If we embrace what is anarchic about the production and development of meaning, taking definitions as more or less imperfect descriptions of existing practices, then we are left, as I have suggested previously, with intelligibility and plausibility as the key criteria guiding an effective use of language. Again, whether we want to take a fairly naive view or embrace something like Proudhon’s anarchistic epistemology, it seems inescapably true that contexts will matter a great deal. So the pluralist approach to a text like “God and the State” begins with the recognition that a key term, authority, is used in what appear to be conflicting ways. Here is the infamous transition (in my translation):

      Consequently, no external legislation and no authority—one, for that matter, being inseparable from the other, and both tending to the enslavement of society and the degradation of the legislators themselves.

      Does it follow that I drive back every authority? The thought would never occur to me. When it is a question of boots, I refer the matter to the authority of the cobbler; when it is a question of houses, canals, or railroads, I consult that of the architect or engineer. For each special area of knowledge I speak to the appropriate expert. But I allow neither the cobbler nor the architect nor the scientist to impose upon me.

      What, in a case like this, do pluralism and anti-absolutism commit us to say about Bakunin’s use of the word “authority”—and about the relevance of that usage to anarchist theory? If contexts matter, then we have a lot to work with, beginning with the unfinished state of Bakunin’s manuscript and the obvious break marked in the text, then extending to the relationship of the passage on expertise to the sections that come before and after it. If we are simply not allowed to choose, then authority is at once inseparable from external legislation and something else… And we are ultimately forced to choose. If, under those circumstances, we choose to emphasize our uncertainty about whether authority can be consistently opposed, that’s ultimately on us. If we then turn around and use a more or less incoherent Bakunin as a kind of authority—presumably of the “good” kind—we almost certainly haven’t done ourselves any favors.

      I want to come back to all of this in the context of a study of some of Proudhon’s writings on language and meaning, but I also want to underline here what I have already suggested:

      Pluralism and anti-absolutism are better served by the embrace of a narrow conception of anarchy—and an an-arche-centered anarchism—than they are by even the most well-meaning hemming and hawing. Such a conception is really only “narrow” in the sense that it helps to focus our attention and efforts towards those aspects of the beautiful ideal. What I hope is clear from the work on the schematic anarchism is that this sort of conception is also about as close as we’re actually likely to get to “plain language.”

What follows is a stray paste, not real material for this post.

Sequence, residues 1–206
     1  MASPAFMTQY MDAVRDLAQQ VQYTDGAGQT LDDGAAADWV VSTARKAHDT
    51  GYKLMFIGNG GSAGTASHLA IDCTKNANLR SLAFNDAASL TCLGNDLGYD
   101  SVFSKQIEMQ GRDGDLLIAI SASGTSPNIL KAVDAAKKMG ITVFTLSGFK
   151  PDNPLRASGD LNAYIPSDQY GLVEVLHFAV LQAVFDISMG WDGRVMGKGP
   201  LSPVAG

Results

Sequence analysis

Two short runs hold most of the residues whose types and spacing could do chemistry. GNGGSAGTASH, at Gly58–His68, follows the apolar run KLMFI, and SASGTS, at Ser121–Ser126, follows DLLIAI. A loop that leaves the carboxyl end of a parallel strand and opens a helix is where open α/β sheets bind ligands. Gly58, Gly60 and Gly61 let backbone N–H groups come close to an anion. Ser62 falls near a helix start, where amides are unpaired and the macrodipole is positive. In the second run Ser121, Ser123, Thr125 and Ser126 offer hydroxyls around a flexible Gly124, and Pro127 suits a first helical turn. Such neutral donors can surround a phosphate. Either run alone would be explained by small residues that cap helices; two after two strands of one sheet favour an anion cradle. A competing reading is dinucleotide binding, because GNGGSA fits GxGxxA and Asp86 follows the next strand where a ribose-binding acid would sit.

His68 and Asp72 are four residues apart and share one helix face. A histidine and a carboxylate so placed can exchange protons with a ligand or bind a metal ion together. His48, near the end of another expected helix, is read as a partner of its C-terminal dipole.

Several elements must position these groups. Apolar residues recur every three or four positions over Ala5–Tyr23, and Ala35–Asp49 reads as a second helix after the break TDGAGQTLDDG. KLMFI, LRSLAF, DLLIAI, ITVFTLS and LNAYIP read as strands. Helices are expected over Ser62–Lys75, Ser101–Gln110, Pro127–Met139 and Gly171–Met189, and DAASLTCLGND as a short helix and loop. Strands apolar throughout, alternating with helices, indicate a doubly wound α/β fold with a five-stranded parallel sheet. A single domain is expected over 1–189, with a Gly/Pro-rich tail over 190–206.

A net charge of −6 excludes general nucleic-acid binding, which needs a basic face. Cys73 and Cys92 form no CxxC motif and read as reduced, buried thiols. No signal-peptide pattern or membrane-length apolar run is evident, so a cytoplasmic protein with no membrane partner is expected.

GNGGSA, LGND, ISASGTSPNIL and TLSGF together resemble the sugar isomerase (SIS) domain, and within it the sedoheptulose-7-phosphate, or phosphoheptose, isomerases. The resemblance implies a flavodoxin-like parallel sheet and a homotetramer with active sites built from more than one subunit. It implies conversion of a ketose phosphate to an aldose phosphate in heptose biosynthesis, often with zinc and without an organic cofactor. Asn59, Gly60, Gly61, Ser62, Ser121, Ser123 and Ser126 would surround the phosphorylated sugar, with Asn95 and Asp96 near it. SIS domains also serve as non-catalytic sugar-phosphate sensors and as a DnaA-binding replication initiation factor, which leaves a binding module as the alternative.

The other advantage of this “narrow” conception of anarchism would seem to be defensive, as it provides us a tool for emphasizing the difference between really plausible accounts of anarchism and those that enjoy a lot of currency at the moment, despite their really implausible elements. For those concerned to clearly delineate what is not anarchism, I would venture to say that the schematic anarchism ought to be a valuable tool. While not every existing tendency in the “anarchist mainstream” defines its project in terms consistent with those I have been exploring, I feel fairly confident that the vast majority of them could at least affirm their connections to an anarchy-centered anarchism-in-general in those terms. I feel equally confident that the various entryist current would, probably without exception, fail miserably at the task. If I’m right, then an engagement with adjectiveless anarchism and with that distinct conception of anarchy, with or without any attempt at other forms of synthetic mutual benefit, would seem to be generally desirable among anarchists with relatively “traditional” commitments and projects.

      I’ll wrap things up here, conscious of what is unfinished or a bit repetitive in these three posts on a schematic anarchism. I feel like I have worked myself to a place where I can return to other projects with more conceptual clarity, confidence and pleasure than I’ve been able to enjoy for a long time. I hope that I have also at least given some good indications of the concerns that will drive my work moving forward. 

      Next up: Back into the deep historical weeds, I suspect, to do some “Margins and Problems”-style work on the aforementioned Eliphalet Kimball and Lewis Masquerier.

      About Shawn P. Wilbur 2703 Articles
      Independent scholar, translator and archivist.